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Touching the Void

Sport|15 Oct, 2012|47 Comments |
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Rating: 3.1/5 (9 votes cast)

Mountain climbing can be an adventurous and fun sport. But not when it goes wrong. Touching the Void documents the story of two climbers, Joe Simpson and Simon Yates on a disastrous climb in the Andes in 1985. Through the climbers stories and reenactments the viewer sees the horrors that Simpson and Yates had to go through. Just when you think they are in the clear it gets worse. Truly a magnificent story that needs to be shared.

‘Touching the void’ is a documentary film made by Kevin MacDonald, shown at the 2003 Toronto Film Festival. It features Brendan Mackey as Simpson and Nicholas Aaron as Yates, enacting the climb and descent of the two adventurous mountaineers on the west face of the Siula Grande in the Peruvian Andes in 1985.

These daring and experienced mountaineers climbed the mountain without setting up ropes or base camps ahead of time. Though they had to tackle a snowstorm and some treacherous climbing, they safely reached the summit in three days after scaling about 21,000 feet.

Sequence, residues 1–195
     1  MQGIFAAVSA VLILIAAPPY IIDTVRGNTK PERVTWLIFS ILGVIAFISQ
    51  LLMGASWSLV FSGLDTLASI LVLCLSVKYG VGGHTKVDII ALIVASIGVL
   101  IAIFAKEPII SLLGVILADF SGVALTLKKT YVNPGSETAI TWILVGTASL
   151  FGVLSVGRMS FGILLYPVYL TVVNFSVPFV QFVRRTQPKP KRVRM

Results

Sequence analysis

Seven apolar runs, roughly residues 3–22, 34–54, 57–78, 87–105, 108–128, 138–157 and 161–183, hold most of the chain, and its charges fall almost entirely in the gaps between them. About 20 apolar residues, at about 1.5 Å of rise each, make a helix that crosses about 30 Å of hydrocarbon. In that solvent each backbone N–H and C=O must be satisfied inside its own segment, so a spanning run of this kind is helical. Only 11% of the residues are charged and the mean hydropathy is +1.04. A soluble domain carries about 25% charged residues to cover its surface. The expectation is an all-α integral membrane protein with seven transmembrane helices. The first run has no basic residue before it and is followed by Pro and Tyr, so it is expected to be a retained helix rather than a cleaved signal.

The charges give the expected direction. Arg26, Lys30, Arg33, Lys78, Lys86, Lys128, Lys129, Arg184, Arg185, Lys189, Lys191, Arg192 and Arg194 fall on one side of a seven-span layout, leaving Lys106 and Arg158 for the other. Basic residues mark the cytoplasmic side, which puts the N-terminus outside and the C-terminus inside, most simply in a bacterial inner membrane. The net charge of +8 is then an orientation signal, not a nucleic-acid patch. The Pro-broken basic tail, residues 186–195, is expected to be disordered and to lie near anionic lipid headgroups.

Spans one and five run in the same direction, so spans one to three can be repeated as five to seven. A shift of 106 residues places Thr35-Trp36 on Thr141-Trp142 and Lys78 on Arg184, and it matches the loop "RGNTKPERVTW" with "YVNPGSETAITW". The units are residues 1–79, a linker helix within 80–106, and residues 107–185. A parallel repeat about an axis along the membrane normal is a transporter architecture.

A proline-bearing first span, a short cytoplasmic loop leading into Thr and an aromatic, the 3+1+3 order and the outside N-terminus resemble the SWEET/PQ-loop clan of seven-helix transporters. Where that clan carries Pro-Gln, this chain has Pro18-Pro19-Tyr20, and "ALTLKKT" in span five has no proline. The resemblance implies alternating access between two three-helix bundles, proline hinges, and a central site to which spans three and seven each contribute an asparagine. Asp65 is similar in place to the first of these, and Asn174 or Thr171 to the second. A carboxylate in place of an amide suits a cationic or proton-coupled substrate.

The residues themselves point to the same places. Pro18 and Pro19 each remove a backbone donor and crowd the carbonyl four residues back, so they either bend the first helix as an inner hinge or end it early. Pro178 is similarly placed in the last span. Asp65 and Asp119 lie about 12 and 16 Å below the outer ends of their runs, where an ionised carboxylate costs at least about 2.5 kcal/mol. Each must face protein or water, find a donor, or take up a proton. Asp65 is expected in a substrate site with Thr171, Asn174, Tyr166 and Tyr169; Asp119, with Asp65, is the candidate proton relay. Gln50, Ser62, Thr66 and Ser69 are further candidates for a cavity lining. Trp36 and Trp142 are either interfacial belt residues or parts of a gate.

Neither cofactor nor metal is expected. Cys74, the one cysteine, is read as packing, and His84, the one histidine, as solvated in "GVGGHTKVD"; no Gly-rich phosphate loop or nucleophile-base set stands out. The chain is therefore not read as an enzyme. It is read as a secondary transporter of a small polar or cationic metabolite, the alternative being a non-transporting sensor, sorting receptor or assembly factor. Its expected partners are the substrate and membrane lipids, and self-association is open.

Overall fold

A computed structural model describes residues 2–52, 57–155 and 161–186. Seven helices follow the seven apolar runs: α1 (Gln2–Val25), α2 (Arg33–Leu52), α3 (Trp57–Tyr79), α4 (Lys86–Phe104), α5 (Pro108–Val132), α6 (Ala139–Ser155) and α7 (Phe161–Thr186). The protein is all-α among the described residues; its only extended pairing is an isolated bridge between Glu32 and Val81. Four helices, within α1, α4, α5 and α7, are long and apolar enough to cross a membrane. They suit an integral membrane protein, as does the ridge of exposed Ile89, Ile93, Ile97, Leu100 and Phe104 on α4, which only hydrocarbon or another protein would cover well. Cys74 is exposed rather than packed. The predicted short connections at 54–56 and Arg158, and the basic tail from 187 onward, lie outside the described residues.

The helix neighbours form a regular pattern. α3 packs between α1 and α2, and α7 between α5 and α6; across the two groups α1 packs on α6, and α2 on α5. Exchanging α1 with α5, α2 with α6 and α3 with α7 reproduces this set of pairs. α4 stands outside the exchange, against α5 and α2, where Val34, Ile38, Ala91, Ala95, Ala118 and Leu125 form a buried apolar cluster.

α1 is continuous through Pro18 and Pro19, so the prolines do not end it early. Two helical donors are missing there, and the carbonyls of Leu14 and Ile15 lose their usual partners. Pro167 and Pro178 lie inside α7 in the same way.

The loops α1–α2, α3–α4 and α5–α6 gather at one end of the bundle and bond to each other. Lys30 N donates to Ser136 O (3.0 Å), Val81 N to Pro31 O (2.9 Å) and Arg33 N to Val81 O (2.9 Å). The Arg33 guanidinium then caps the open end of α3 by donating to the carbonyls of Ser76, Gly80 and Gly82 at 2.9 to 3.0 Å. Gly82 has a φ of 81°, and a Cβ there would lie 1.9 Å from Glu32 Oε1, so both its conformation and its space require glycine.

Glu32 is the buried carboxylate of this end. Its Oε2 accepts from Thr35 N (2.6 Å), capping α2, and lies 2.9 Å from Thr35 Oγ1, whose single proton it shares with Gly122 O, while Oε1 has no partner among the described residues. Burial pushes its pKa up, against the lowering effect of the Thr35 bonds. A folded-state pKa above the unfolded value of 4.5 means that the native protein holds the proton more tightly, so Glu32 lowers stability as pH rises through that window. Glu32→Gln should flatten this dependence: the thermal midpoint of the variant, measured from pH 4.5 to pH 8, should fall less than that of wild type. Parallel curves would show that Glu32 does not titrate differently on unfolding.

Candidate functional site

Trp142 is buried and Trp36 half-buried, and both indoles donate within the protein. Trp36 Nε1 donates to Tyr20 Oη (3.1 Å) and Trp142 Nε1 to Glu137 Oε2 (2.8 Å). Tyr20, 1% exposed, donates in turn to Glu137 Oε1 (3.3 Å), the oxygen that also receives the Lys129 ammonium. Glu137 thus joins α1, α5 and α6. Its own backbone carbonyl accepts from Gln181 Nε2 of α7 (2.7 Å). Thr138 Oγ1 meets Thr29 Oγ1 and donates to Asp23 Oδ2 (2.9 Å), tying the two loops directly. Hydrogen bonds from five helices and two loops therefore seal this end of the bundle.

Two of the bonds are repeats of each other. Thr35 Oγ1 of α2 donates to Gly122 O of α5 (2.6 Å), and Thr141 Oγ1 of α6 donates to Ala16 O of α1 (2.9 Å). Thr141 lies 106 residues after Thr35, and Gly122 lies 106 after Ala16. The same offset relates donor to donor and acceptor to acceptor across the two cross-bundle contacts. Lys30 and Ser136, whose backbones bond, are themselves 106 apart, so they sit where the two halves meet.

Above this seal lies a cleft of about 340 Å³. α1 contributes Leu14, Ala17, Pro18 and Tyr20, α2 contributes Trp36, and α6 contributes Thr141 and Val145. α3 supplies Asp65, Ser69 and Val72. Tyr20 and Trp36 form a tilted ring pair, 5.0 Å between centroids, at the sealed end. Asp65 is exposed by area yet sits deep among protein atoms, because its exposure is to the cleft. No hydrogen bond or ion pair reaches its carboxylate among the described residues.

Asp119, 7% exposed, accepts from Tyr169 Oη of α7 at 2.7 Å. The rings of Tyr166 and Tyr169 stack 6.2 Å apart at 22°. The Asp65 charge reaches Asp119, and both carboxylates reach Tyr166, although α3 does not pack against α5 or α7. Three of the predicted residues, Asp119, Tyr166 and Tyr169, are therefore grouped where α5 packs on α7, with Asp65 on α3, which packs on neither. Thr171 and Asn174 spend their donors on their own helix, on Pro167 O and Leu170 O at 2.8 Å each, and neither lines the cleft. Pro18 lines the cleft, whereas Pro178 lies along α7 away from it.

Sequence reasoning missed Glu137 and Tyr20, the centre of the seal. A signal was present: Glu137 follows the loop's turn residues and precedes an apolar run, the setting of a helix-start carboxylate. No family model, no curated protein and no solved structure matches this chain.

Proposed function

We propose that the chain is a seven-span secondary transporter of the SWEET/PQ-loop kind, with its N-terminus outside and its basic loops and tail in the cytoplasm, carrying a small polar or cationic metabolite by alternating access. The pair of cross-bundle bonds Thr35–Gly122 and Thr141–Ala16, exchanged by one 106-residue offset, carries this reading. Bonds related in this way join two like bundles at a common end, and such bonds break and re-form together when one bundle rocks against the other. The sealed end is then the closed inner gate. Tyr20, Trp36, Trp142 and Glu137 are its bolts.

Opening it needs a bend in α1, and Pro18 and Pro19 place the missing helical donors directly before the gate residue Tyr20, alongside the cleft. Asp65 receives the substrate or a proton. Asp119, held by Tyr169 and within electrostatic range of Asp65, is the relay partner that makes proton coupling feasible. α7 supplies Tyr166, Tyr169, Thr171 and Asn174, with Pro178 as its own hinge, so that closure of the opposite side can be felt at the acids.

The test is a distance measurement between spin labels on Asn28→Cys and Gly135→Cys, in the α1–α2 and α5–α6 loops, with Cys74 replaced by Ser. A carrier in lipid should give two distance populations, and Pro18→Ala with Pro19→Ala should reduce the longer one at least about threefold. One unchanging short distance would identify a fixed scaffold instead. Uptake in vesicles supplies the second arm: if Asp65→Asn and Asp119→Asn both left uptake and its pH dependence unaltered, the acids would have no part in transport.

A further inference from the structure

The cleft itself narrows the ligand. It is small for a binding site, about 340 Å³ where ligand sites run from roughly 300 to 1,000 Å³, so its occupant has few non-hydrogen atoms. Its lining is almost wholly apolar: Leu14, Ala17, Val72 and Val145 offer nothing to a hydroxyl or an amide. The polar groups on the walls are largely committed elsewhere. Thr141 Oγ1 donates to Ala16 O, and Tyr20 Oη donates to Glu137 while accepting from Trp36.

But that was not it; the climb down turned to be more complicated and fiercely tested their nerve. Simpson broke his leg badly after falling down at a crucial juncture. Yates decided to try to lower Simpson down the mountain, one 300-foot section of rope at a time. What added to the woes of these steely mountaineers was the fact that they had run out of gas to melt snow making them unable to stop as night came, when unfortunately a violent snowstorm began. Their plodding, excruciatingly painful journey hit a hurdle when Yates accidentally lowered Simpson over the edge of a cliff.

They couldn’t hear each other’s cries in the raging storm, and, Yates, uncertain as to Simpson’s position, and gradually sliding down the slope himself, had to cut the rope that connected them, sending Simpson plummeting to a certain fatal end. Quite astonishingly Simpson survived the fall, and was faced with the greater challenge of getting off the mountain alone with no food, no water, and a broken leg.

Touching the Void, 3.1 out of 5 based on 9 ratings
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  1. Apparently you must have been present when Joe Simpson had his accident, so you just KNOW who made which mistakes and readily deliver your judgement.Apparently you are Mr Super-Climber and Over-Mountaineer who knows everything (if only from movies or internet sites). You have certainly summitted all mountains above 18,000 feet, have never had an accident and have never made a mistake, right? Mr Alpine Super-Hero!